Here are some things to consider as you come to terms with your “new normal”:

Your exposure is not yours alone.

For me, it’s important to continue to limit my exposure as much as possible to help protect the people I love, like my family, particularly my grandkids and my mom. I have to remember that my exposure is their exposure so it’s best for me to venture out with caution.

Isolate with care.

Lots has been reported about the mental and emotional drain of isolation. The fact is humans are social creatures. We need each other.

While you may be able to continue to isolate yourself from just about everybody and may not feel safe being around people at all, it’s also important to connect in whatever ways you can.

Maybe the new normal is being around people while keeping social distance standards. That’s hard for me to remember, I admit. When I greet my brother I want to give him a hug and he jumps back. “What are you doing?” Oh right. Sorry. I forget. I’m glad he remembers. I can visit with him and keep my distance. It’s better than not seeing him at all.

It’s not over.

COVID is real. It’s not a hoax or political conspiracy and it’s not gone. To date, more than 89,000 people in the US have died from COVID. We sometimes fall into the attitude that it won’t happen to me, and if it does, I’ll be okay.

But we’d be better off as a community if we could get out of the “Me, me, me” mentality. It’s not all about any one of us alone. One person’s actions can affect a whole lot of other people.

Your goals and dreams await. 

Enough of the warnings and reminders.

As we’ve seen with crystal clarity, nothing is guaranteed.

So whatever you want to do in this life, do it now. Start.

It’s okay to start small, but whatever you’ve held in your heart as a deep desire, maybe so deep and daunting you’ve kept it to yourself and haven’t dared to share it with another soul.

Maybe you’ve come up with dozens of reasons why it won’t work, why you can’t do it, or why it’s just not the right time. Start the work now so when the time is right, you’re ready.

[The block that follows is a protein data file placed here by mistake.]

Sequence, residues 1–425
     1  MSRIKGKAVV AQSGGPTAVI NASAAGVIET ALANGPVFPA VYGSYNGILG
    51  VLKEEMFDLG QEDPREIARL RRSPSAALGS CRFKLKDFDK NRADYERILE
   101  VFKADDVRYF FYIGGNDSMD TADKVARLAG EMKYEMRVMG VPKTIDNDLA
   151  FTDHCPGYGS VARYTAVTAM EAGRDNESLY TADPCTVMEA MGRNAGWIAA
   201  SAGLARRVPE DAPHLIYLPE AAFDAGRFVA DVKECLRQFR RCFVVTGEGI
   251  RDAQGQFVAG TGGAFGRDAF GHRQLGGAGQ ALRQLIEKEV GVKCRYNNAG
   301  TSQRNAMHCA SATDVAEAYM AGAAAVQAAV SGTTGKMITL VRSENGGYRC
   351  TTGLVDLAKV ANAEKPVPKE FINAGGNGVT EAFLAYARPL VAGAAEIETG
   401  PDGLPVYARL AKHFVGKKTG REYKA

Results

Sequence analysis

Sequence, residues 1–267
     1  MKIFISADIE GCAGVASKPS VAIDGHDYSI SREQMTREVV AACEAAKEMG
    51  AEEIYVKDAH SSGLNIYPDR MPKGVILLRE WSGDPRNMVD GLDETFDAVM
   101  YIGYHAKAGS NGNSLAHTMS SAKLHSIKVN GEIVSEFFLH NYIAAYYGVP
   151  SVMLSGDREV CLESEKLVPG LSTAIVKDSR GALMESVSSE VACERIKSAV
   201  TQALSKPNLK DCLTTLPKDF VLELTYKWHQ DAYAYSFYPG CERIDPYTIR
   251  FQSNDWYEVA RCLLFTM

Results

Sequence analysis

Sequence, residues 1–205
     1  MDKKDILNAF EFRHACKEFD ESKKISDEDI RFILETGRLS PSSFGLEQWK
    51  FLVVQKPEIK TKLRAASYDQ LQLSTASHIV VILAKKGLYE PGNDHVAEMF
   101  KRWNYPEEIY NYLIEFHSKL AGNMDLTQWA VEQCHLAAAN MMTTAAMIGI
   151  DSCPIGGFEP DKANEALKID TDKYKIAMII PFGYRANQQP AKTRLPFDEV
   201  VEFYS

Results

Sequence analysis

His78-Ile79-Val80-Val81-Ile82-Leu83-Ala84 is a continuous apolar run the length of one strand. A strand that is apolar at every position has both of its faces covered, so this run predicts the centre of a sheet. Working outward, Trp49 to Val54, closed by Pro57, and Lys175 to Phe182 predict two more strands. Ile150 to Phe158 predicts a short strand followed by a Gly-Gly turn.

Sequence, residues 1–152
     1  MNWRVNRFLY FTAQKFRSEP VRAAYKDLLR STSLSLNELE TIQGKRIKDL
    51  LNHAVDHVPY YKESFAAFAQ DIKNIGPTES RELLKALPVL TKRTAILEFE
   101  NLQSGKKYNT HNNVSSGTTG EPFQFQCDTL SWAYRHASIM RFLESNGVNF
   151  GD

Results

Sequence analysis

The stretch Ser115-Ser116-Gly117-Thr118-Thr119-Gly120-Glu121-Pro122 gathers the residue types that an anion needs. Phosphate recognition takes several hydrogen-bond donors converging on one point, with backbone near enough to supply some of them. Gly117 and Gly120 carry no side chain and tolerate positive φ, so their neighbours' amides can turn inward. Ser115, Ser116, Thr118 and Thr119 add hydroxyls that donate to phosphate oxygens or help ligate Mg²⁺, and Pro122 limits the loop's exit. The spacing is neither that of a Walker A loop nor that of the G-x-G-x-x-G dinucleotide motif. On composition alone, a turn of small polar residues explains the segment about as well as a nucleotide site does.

Eleanor Roosevelt once said, “The future belongs to those who believe in the beauty of their dreams.”

What does the future hold for you? 

Believe in the beauty of your dreams and take action toward your dreams.  

There’s so much that is out of our control. That’s true.

But there’s still a lot we can control, like setting goals, making a plan to work toward them, and working the plan. 

It starts with believing you can.

And….begin.

small acts of kindness

Words and actions reflect your “personal policy”

A recent encounter with a stranger at a Tuesday Morning store in my neighborhood reminded me of how important it is to be mindful of how our words and actions can affect others.

We’re still practicing social distancing where I live, but retail stores are opening up again and I couldn’t wait to stop by one of my favorite stores.

A woman wearing a wide-brimmed straw hat, sunglasses, and a light blue face mask that covered her nose and mouth, waited by the door.

“Are they open?” I asked.

She checked her watch. “They open at 10, I think. We got about 10-minutes,” she said through her mask.

Talking amongst ourselves

That’s how I came to be standing on the sidewalk in the shadow of the building on a hazy Friday morning. A few minutes later another woman walked up, she had a black mask pulled down over her chin. 

Standing a safe distance from each other, we got to talking about the current situation–COVID, quarantine, social distancing–and how happy we were that stores were opening again. 

The woman in the straw hat said she had just gotten laid off from her job but had not had any success filing for unemployment. “I’m 68 years old,” she said, “but I still want to work. The president of my company said they planned to recall part of the workforce, but said if you’re over 65…you should just stay home.” 

Even though her former employer’s leadership may not have explicitly said or meant it, the message she heard, loud and clear, was:

  • You, over-65-year-old people, are the problem.
  • We don’t want you back.
  • Go home and stay there.
  • It would be better for everyone if you just disappear. 

Sounds harsh, doesn’t it?

It would be easy to explain the company policy away and say, “I’m sure that’s not what they meant.” Maybe even assume she was being oversensitive.